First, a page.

Why do police reports specifically state that Adam Prentice bought the alcohol for the party that night, when he was still studying at the library at the time the alcohol was purchased? The student who drove the buyer to the liquor store even told police that Adam had not bought the alcohol, yet they wrote it anyway?

What's Done is Done?

I want to know why Assistant District Attorney Michael Goggins, whose help I'd sought regarding Adam, said that he realized I must be frustrated regarding the destruction of forensic evidence, but "What's done is done?"I want to know who should be accountable for, "What's done is done?" Would "What's done is done," satisfy the DA and Chief of Police if Adam had been their son?? Would they permit their child's reputation to be slandered because he had the misfortune to be victimized on campus property--perhaps even stabbed deliberately, only to be victimized again when "help" arrived and accused him of malicious destruction? And again when rescue arrived and misjudged his injury, sent him to the wrong hospital, without enough manpower, and by the wrong source of transportation?

Other Concerns Beyond the Actual Scene

Why did Melinda Soffer, another attorney at the Northampton DA's office, immediately change her attitude at the mention of Adam's name during a phone conversation with Security on Campus staff when she called to compliment their Web site on student safety? She described herself as a lawyer working in a large college community in Massachusetts, and wondered if there was anything she could do to help. When it was suggested that she assist me in seeking answers regarding the suspicious death of Adam Prentice, her voice changed from friendly to ice cold, as if a dirty word had been spoken. She abruptly ended the conversation, and never called back to volunteer the services she'd just offered again.

Why Can't I Have My Son's Belongings?

Why can't Adam's clothes be returned to me? I want what was his last. I long for the day that I can grieve my son instead of defend him. These first months without him bring a new milestone to overcome with each passing day. The first Columbus Day holiday without shopping for winter clothes for him, two months since I saw him last, four months since I heard him say "Hi Mum" on the telephone.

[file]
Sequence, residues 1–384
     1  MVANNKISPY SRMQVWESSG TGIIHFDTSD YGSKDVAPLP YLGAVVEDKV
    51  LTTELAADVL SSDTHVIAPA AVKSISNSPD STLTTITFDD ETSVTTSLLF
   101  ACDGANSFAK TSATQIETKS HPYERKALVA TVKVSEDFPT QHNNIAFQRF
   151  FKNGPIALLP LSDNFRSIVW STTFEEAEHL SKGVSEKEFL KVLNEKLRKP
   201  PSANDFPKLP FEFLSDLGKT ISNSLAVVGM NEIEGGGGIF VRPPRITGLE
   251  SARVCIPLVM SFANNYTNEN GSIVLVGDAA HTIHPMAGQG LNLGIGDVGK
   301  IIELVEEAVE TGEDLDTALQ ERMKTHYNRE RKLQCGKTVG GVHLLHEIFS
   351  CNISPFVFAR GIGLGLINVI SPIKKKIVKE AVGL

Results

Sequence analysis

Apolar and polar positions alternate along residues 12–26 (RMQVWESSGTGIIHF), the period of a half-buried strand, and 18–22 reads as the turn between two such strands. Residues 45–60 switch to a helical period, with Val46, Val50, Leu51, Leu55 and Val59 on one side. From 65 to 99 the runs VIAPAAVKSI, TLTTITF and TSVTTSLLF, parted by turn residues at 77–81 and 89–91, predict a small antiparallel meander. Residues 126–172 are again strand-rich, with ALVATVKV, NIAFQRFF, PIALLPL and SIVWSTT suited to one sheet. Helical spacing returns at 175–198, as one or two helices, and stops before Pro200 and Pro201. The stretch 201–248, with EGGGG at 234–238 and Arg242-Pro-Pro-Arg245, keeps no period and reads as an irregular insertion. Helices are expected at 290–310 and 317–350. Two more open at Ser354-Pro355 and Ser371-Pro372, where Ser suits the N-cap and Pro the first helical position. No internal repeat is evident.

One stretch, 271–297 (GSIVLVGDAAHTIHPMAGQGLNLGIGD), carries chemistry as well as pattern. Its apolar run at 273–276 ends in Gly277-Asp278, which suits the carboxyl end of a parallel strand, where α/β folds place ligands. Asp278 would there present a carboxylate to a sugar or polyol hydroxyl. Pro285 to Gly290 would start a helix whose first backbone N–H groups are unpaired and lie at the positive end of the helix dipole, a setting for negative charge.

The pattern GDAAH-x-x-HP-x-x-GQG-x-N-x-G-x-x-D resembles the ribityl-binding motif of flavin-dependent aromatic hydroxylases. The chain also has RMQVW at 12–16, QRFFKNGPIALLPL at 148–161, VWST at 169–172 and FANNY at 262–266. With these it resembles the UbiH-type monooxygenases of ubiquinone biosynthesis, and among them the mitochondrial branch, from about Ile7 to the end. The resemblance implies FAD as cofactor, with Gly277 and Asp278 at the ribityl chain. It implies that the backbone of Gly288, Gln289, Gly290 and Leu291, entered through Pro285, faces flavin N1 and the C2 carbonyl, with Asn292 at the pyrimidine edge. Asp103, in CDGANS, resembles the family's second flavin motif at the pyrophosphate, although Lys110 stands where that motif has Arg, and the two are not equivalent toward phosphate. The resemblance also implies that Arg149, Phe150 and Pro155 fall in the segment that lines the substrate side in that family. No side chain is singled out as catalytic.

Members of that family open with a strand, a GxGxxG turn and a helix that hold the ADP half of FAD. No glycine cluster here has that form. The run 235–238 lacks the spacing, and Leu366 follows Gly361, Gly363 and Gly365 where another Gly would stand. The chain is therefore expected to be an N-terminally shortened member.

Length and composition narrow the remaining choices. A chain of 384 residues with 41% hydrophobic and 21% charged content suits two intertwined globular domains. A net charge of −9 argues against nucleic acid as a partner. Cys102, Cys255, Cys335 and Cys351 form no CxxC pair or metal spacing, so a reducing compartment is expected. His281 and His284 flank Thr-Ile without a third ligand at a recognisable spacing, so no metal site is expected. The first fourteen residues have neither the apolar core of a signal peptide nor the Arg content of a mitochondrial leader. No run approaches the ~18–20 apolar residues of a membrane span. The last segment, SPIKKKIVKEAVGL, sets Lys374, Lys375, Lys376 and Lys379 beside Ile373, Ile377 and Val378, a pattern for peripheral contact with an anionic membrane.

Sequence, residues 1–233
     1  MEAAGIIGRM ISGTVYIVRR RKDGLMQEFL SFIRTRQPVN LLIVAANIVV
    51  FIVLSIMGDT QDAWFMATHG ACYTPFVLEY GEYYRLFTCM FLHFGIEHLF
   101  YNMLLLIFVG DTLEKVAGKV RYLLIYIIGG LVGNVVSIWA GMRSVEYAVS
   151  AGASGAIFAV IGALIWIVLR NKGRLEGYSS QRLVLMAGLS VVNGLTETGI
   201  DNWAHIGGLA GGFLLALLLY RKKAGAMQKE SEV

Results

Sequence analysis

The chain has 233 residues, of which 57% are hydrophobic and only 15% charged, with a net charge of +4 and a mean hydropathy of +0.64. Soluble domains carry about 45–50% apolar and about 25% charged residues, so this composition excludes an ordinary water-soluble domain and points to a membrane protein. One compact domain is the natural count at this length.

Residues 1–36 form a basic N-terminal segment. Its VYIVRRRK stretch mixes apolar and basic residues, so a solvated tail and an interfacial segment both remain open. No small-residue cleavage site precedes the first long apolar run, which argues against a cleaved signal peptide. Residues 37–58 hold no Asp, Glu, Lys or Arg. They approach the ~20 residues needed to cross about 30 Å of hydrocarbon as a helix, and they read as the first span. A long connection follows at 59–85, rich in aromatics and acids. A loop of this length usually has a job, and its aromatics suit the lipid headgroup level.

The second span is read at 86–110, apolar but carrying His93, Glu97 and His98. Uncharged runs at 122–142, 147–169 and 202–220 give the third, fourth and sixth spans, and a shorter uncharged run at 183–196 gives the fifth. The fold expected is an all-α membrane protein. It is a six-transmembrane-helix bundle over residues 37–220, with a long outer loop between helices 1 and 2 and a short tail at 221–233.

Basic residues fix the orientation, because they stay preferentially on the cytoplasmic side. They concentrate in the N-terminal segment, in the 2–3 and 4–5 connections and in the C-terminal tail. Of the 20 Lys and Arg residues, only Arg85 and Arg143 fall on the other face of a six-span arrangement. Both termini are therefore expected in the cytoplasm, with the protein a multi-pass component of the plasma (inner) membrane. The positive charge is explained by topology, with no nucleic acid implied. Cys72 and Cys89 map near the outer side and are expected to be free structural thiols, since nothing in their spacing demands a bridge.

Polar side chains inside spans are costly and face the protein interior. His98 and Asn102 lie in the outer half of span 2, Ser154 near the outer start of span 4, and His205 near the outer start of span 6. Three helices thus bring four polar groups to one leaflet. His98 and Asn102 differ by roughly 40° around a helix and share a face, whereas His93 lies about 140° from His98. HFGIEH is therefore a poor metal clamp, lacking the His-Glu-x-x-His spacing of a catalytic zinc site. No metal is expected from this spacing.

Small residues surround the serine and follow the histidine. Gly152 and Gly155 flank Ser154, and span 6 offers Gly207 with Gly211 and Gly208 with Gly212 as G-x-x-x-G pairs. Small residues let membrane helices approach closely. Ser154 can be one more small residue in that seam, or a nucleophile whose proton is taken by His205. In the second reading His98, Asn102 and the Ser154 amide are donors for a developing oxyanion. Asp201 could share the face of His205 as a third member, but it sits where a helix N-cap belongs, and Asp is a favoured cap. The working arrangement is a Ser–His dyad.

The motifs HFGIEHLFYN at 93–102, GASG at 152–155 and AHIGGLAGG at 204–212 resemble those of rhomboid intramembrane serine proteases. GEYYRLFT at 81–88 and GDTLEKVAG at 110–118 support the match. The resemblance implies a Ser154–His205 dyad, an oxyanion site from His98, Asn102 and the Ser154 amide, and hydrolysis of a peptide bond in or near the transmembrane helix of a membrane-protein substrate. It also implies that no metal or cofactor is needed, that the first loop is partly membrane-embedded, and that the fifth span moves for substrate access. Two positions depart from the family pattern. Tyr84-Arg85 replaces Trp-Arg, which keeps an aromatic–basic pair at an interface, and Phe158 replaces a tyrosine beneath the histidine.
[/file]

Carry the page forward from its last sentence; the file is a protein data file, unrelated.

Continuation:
Without Him, and for no Reason

My first birthday this Sunday without his thoughtful cards. Regardless of how busy Adam was, he always took the time to remember me. Mother's Day in 5/97 was the last card I'll ever receive from him. I am a gardener, and he card-shopped meticulously to find the perfect "garden" analogy. It ends with a hand-written note:"Mom, thank you for being yourself. You are the best mother in the world. You've proved this to me time after time. Being away from home I realize you have given me everything that I need to succeed. Thank you for everything that you've done for me over the years. I wish I was home to celebrate this day with you. But, before you know it, I'll be back..."

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Powerless to Fight the State of Massachusetts

If only this were true.What is it like to lose a beloved son so needlessly, only to have his impeccable character sacrificed relentlessly to protect the reputation of the very institution he'd saved so hard to attend? How many months has the unnecessary suffering I've had to endure robbed me of closure and recovery on behalf of the power this university holds to stifle my pursuit for the truth?

At an early age, Adam accepted Jesus Christ as his personal savior, as have I. This is my only comfort. When I see him next, it will be for eternity...

But it wasn't meant to be this way for him. His potential was limitless; his future before him. Adam excelled at everything he attempted because he approached life with 150% effort. In honor of his memory, I choose to give his investigation 150% effort as well. When I see him again, I want to look him in the eye and say, "Son, I gave it 150%, just like you taught me to." It truly is a rarity when a mother learns so much from her child.

Keep the Faith

Until then, I visit his graveside with the dawn of each morning. The quiet of the cemetery at this time is my refuge. I tidy the trinkets and cards left by his friends, then sit in my car for my prayers and devotions. Occasionally, I think of going to the ocean. We have both always loved the ocean, and spent 21 years together sitting and talking at the same spot he used to lifeguard from in recent years. I decide against it. It is just too painful to go backward now that I have learned to go forward. One never heals from the death of a child; instead, one learns to live again without the child.